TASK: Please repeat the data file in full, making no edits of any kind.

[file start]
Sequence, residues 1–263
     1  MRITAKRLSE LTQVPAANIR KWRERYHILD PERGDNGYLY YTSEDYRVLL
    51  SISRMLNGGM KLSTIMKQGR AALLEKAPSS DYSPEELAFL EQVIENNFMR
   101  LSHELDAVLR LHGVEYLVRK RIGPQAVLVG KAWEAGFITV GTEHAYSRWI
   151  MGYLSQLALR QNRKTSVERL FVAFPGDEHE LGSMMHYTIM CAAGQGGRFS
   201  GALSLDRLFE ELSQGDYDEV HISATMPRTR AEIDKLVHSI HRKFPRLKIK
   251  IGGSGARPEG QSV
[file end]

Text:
Sequence, residues 1–263
     1  MRITAKRLSE LTQVPAANIR KWRERYHILD PERGDNGYLY YTSEDYRVLL
    51  SISRMLNGGM KLSTIMKQGR AALLEKAPSS DYSPEELAFL EQVIENNFMR
   101  LSHELDAVLR LHGVEYLVRK RIGPQAVLVG KAWEAGFITV GTEHAYSRWI
   151  MGYLSQLALR QNRKTSVERL FVAFPGDEHE LGSMMHYTIM CAAGQGGRFS
   201  GALSLDRLFE ELSQGDYDEV HISATMPRTR AEIDKLVHSI HRKFPRLKIK
   251  IGGSGARPEG QSV